Then in the 25th minute of the game Gillingham took the lead through Alex Jakubiak. After Luis Binks had cleared away Bradley Garmston’s cross, the ball came to Ousseynou Cisse and he then passed the ball to Alex Jakubiak who skilfully jinked past Jubril Okedina inside the Spurs penalty area, before rifling the ball into the bottom right hand corner of Alfie Whiteman’s goal (the Spurs goalkeeper managed to get a hand on the ball), 0-1. A couple of minutes after the restart Mark Marshall’s cross managed to pick out Jack Tucker inside the Spurs box however, the ‘ Gills ‘ defenders headed effort on goal was cleared on the line by Brooklyn Lyons-Foster. The ball then came to Regan Charles Cook whose effort was flicked narrowly wide of Whiteman’s goal by Ousseynou Cisse. At the other end of the pitch J’Neil Bennett had a cross cleared behind by Connor Ogilvie before Harvey White’s corner kick was cleared away by Ousseynou Cisse. After receiving Armando Shashoua’s pass Harvey White shot narrowly over Joe Walsh’s crossbar from 25 yards out. Luis Binks then cleared away Regan Charle Cook’s cross before J’Neil Bennett fed the ball into Rodel Richards down the left hand side of the Gillingham box but, the Spurs striker shot narrowly wide of Joe Walsh’s goal. Regan Charles Cook had a corner kick headed away by Brooklyn Lyons-Foster before Henry Woods totally mistimed his resulting effort on the volley. Shortly afterwards a corner kick from Regan Charles Cook was headed clear by Luis Binks who had been dominant in the air. Jubril Okedina shot an effort over Joe Walsh’s crossbar from the edge of the Gillingham box before Binks headed clear another of Regan Charles Cook’s whipped corner kicks before the ball came to Henry Woods. Woods fired the ball straight at Eyoma before then shooting an effort wide of the Spurs goal. Regan Charles Cook whipped a dangerous ball across the face of Spurs goal before the referee Craig Hicks blew his whistle for half time. Spurs made a change at halftime as the previously injured Tashan Oakley-Boothe was replaced by Phoenix Patterson, Gillingham got the second half underway. After a good spell of possession for Spurs the young Lilywhites came close to drawing level.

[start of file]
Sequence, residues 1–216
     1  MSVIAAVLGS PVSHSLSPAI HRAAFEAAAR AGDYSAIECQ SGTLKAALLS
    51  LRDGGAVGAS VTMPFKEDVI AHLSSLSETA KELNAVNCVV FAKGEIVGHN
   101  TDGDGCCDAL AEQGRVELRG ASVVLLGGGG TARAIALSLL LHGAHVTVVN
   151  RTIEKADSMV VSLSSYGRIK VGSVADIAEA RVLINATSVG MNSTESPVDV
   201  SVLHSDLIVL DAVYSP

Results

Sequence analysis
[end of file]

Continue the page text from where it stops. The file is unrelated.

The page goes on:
After Harvey White had threaded a pass through to Armando Shashoua the attacking midfielder darted into the Gillingham penalty area. Shashoua tried to take the ball around goalkeeper Joe Walsh who had rushed out, but he eventually had a shot which was saved by the Gillingham goalkeeper. At the other end of the pitch Mark Marshall’s cross was completely missed by Alfie Whiteman however, the Spurs goalkeeper was a tad fortunate that Alex Jakubiak couldn’t tap the ball home at the back post. After receiving Shashoua’s pass Bennett whipped a low cross into the Gillingham box. Both Shashoua and Richards attacked the ball but it was Richards who latched onto it, before turning and firing the ball over the crossbar. Luis Binks cleared Mark Marshall’s cross before Spurs made their first change of the game, when Rayan Clarke came onto replace Rodel Richards up top. Unfortunately Gillingham doubled their lead in their 79th minute of the game after the ‘ Gills ‘ defender Jack Tucker powered a header past Alfie Whiteman and into the back of the net, after meeting Mark Marshall’s cross, 0-2. Maurizio Pochettino came onto replace Brooklyn Lyons-Foster before J’Neil Bennett curled an effort wide from distance. A couple of moments later Bennett had a deflected effort saved by Joe Walsh, before Mark Marshall came inside from the right flank before forcing a fine save out of Whiteman from his whipped effort on goal. Jubril Okedina headed away Bradley Garmston’s cross before Harvey White was shown a yellow card for a challenge on Regan Charles Cook on the edge of the Spurs box. Charles-Cook’s resulting effort was blocked by Pochettino in the Spurs wall. There was one late chance for the ‘ Gills ‘ after Alex Jakubiak received Regan Charles Cook’s pass however, the Gillingham forwards effort on goal was saved by Alfie Whiteman before the referee sounded his whistle for full time. Our development sides next game is away to Everton on the 22nd of November.